Hartmut Rosa appointed „Distinguished Senior Scientist“ of the Johanna Quandt Young Academy

For his outstanding achievements in research and his exceptional commitment to promoting young scholars and international academic cooperation, Professor Hartmut Rosa, Director of the Max-Weber-Kolleg at the University of Erfurt, has now been appointed „Distinguished Senior Scientist“ of the Frankfurt Johanna Quandt Yound Academy.

Since 2018, the interdisciplinary and international Johanna Quandt Young Academy at Goethe (JQ Young Academy, JQY A), under the leadership of its director, Professor Matthias Lutz-Bachmann, has been supporting a number of selected excellent early-career researchers from all departments at Goethe University in Frankfurt am Main in their academic careers. These are admitted to the Academy as Fellows. In addition, the Academy invites three to four internationally established researchers as so-called „Distinguished Senior Scientists“, who act as an external scientific committee for the JQ Young Academy.

The award, which is endowed with 10,000 €, is accompanied by the fact that Hartmut Rosa is involved in the annual selection of the fellows as a committee member for three years. In addition, he will take part in the annual conferences of the JQ Young Academy and contribute with a keynote speech.

Rosa: „I am very pleased about this award, which recognises and supports a model of intergenerational cooperation with senior and junior fellows that we have been successfully practising at the Max-Weber-Kolleg for a long time.“

Max-Weber-Kolleg welcomes new fellows and collegians

In the summer semester of 2021, the Max Weber Centre for Advanced Cultural and Social Studies at the University of Erfurt will once again welcome numerous new researchers from Germany and abroad.

The research group „Religion and Urbanity: Reciprocal Formations“, which focuses on India, welcomes the new coordinator Dr Klara-Maeve O’Reilly (Dublin/Görlitz) this semester. In addition, the following new fellows are welcomed: Professor Konstantin Akinsha (Italy), who will come to Erfurt again to work on the topic „Writing the 5th Gospel“; Professor Meera Dass (India), who will work on the topic „Through the Pillar: Religion and Urbanity of Besnagar 2nd century BCE to 7th century CE“, and Professor Cristiana Facchini (Italy), who is continuing her project „As a nautilus shell… Religious Diversity and Urbanity. An historical journey“. Dr. Francesca Fulminante (UK) will discuss her project on „Religion and Urbanity in its Formation: A case study from Early Rome and Central Italy“ in the collegiate research group. Professor Nimrod Luz (Israel) is investigating „The Infrastructures of Religiocity in Acre. Materialities of Faiths and their Politics in a Mixed Israeli City“. Dr Harry Maier (Canada) is working on „Practising the City: Spatial Imagination, Imperial Location, and Reciprocal Processes of Urban Transformation in Second Century Christianity“. And Professor Joachim Trezib (Germany) is investigating „Spatial formations of ‚Geist‘: Edgar Salin’s nomological concept of statehood and its relationship to the circle of Stefan George“.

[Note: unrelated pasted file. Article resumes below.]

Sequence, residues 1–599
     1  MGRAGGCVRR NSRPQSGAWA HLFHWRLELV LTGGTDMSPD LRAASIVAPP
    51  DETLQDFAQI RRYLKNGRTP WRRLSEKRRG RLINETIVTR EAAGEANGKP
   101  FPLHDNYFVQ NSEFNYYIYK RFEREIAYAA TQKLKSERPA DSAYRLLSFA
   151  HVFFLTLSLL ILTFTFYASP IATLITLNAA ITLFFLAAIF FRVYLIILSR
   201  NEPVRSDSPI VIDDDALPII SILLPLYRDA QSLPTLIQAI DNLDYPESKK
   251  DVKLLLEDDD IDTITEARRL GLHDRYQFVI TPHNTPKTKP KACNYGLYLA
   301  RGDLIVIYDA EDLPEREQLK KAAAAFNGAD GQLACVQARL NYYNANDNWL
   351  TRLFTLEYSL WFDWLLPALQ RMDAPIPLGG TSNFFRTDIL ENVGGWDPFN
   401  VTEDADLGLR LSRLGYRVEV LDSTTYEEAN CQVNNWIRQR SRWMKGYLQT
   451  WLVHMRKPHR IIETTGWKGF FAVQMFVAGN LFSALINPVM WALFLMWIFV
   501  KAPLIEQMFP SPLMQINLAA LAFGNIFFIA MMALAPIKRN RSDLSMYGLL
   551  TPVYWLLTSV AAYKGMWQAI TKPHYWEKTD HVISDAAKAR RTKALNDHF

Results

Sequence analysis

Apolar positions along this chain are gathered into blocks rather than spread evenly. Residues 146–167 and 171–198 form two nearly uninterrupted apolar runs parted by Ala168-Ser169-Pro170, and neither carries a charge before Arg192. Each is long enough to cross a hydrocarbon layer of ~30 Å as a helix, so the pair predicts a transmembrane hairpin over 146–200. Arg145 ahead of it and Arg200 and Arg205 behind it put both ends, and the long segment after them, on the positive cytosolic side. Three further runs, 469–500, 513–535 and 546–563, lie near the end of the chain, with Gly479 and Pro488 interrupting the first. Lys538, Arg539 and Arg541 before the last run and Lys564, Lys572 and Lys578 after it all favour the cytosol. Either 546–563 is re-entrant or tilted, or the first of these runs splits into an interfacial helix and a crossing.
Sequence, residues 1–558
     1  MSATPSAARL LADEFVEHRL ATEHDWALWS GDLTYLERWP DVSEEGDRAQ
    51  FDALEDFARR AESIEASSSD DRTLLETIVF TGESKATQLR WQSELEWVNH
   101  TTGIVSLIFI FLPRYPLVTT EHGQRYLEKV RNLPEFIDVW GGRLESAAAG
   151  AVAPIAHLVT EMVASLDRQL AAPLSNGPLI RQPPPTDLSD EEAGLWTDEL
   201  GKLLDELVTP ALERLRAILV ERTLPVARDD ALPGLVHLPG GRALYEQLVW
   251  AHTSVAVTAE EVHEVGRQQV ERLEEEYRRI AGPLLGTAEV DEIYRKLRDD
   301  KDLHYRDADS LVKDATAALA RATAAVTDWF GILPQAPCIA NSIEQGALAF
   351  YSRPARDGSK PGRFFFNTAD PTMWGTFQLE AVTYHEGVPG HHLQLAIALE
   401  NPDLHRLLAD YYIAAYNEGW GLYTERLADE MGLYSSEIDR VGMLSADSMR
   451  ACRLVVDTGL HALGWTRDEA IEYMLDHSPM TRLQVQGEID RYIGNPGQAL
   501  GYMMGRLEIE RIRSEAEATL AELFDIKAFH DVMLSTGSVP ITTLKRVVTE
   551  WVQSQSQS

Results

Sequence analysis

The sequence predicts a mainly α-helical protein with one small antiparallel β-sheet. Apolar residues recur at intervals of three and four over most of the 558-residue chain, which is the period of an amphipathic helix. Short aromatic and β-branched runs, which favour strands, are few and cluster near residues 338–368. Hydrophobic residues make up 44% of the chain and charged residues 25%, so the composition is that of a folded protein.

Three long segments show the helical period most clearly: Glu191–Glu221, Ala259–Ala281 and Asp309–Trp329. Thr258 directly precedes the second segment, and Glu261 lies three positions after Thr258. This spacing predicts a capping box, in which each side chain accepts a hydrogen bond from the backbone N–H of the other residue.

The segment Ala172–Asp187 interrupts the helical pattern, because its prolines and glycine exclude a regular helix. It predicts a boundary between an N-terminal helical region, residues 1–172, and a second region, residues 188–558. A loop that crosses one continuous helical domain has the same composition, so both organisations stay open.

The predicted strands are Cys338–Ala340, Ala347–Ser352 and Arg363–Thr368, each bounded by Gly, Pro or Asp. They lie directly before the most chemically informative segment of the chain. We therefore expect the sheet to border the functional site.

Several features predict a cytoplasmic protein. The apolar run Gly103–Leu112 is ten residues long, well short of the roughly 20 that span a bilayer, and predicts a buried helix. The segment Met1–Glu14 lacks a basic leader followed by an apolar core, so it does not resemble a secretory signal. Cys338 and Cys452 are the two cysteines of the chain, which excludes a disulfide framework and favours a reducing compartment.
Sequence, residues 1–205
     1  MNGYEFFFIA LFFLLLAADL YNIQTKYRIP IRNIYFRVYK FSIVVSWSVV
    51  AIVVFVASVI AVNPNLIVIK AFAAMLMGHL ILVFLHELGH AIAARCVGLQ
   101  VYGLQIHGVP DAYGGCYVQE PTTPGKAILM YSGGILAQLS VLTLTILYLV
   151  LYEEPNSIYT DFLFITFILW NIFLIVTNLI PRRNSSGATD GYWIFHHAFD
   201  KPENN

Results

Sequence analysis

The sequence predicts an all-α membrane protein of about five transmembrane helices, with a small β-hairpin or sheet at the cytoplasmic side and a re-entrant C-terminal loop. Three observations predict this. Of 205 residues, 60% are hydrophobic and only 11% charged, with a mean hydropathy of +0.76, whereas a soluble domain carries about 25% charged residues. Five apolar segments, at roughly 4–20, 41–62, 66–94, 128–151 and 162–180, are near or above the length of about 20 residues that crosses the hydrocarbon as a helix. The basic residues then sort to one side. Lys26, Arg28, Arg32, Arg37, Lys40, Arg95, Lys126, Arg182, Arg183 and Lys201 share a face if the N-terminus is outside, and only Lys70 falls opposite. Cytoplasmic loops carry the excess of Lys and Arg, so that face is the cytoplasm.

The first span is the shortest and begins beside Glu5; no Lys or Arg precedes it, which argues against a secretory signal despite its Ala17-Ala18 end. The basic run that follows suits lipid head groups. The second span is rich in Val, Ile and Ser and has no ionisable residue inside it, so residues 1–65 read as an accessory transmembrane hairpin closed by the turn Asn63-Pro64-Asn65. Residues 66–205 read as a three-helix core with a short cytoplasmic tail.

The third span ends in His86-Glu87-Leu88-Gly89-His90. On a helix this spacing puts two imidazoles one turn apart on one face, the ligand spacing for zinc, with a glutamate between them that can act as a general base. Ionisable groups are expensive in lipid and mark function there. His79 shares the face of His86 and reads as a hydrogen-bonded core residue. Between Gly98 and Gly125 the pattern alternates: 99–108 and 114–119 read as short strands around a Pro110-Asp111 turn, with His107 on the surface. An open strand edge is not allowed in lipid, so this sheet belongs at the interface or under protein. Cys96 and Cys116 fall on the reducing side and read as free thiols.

The group „Social Theory and Social Philosophy“ welcomes the Predocs Heinrich Hofer and Steven Sello, who want to develop initial ideas for doctoral projects into an exposé within the framework of their Predoc fellowship. Associate Junior Fellow Dr Moritz von Kalckreuth is researching „On the interdisciplinary and inner-philosophical justification of a philosophy of values“. Associate Fellow Dr Christoph Baumgartner (Netherlands) is coming for another short stay to work on „Civil Relations under Conditions of Religious Diversity“.

In the International Graduate School „Resonant Self-World Relations in Ancient and Modern Socio-Religious Practices“, which is carried out in cooperation with the University of Graz, the doctoral student Seraphim Schirrmacher was associated, who will work on the topic „Music Lessons as a Space for Resonance in School?

The new special research area Transregio 294 „Strukturwandel des Eigentums“ is conducting research in cooperation with colleagues from Jena. In this context, we welcome Dr. Stefan Schmalz as Junior Research Team Leader as well as the Junior Researchers Jing Cheng, Helen A. Gibson, Sanjay Jothe, Ling Li, Anna Möllers, Moana Jean Packo, Varun Patil and Dirk Schuck. Maria Dell’Isola, Sofia Bianchi Manchini and Asfia Jamal will join them in the course of the summer semester.